Prompt for December 5: What (or whom) did you let go of this year? Why?

What did I let go of? The impulse here is to write a joke: what I didn’t lose was this ten pound insulation ring I wear around my waist so that I’m always prepared for the sudden onslaught of cold weather; what I did lose was my temper, too often, with my children.

But seriously? I lost a job. Quit a job, actually, so I don’t know if that’s quite the same as “losing,” but for the purposes of this post, I’m going to say that it is. I quit the job I’d had since I got out of graduate school; a job I’d had for fifteen years.  I let go of a tenured full professorship to take a non-tenured job, a decision that made a lot of people anxious on my behalf. In academic life, tenure is the Grail; it’s the thing we grind away for, accepting fairly miserable pay and wildly heavy work loads, in order for this putative “job security.”

There were some things I really liked about my old job: I worked with students who were bright and hard-working, who wanted to know more about the world beyond the boundaries of their tri-state experience. There are some good people there doing interesting, creative work and I miss our conversations. I was the director of a large program on campus and as a result I was biggish fish…and you know what? It’s kind of nice to be a biggish fish. People return your phone calls. You set the agenda for the meetings and you decide when the meetings will be held.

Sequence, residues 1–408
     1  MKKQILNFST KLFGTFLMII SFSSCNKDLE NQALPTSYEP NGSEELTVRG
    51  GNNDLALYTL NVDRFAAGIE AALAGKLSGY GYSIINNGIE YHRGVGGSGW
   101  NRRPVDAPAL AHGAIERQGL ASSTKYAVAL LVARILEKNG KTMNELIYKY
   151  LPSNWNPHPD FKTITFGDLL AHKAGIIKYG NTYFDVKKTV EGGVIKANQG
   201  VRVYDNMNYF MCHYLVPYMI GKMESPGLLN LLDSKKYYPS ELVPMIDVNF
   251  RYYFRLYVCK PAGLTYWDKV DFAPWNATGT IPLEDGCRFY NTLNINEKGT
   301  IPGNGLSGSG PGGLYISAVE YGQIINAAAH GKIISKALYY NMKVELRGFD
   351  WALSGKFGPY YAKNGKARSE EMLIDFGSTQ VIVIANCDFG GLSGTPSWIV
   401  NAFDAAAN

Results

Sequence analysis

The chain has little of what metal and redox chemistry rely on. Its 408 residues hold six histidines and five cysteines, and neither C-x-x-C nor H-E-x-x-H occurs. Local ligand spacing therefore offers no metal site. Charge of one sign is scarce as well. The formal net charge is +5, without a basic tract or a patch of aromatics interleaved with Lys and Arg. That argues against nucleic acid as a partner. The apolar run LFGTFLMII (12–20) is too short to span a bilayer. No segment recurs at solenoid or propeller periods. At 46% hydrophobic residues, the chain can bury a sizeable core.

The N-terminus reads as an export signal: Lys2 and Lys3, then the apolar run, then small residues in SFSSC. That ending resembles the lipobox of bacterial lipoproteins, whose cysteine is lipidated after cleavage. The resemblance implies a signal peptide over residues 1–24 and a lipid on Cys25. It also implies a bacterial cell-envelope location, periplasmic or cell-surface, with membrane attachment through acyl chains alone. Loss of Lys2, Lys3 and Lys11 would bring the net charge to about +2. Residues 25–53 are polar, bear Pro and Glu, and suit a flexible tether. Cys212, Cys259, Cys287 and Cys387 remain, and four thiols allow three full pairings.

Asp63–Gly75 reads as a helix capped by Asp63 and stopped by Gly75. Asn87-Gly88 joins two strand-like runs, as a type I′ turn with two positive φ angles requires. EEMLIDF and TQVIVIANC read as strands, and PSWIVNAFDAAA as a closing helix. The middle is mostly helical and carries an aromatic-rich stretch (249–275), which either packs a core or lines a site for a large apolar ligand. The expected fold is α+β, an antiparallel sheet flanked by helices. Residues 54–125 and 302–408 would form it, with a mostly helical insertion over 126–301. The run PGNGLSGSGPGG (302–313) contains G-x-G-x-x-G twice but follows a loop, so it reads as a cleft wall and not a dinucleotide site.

On the other hand, this college had an administration that based all its decisions on the bottom line: the profit margin determined curriculum, course planning, staffing, enrollments.  On top of that, it’s a Catholic school, which meant that every classroom had a crucifix dangling above the chalkboard–and in the computer labs, in addition to the crucifixes, there were little signs saying “Lab Under 24 Hour Surveillance.” In all my years there, I never knew whether the sign referred to the crucifix or to the small security camera next to the door.  Maybe God sits in their security booth, I’m not sure.

I’m not going to tell tales about the college, or about its emphatically anti-intellectual Provost, but I will say that recently this establishment was in the news because a nun–formerly the close assistant to the school president–was caught embezzling…about  $800,000 over ten years. Guess she wasn’t under 24-hour surveillance…and we won’t say anything about the  budget office (or the president) letting that kind of thing go undetected. I guess God was taking a nap in the security booth?

So yes, I was a big fish in this pond – but it was a small, brackish pond, with scurfy pockets of algae around the edges.  So I left. I let it go, all that familiarity and comfort and knowing that I could do a good job without trying too hard.

Now? Now I’m a small fish in a huge pond–just another liberal middle-aged woman professor whose earrings are slightly too long for her age.  I’ve worked harder this semester at my teaching than I have in years and in many ways it feels good–I can see where I’m rusty and what I need to work on.   If I hadn’t let go when I did, I might never have gotten out of that small pond and I needed to; I figure I’m about half-way through life and if I don’t start swimming in new currents now, I might forget how.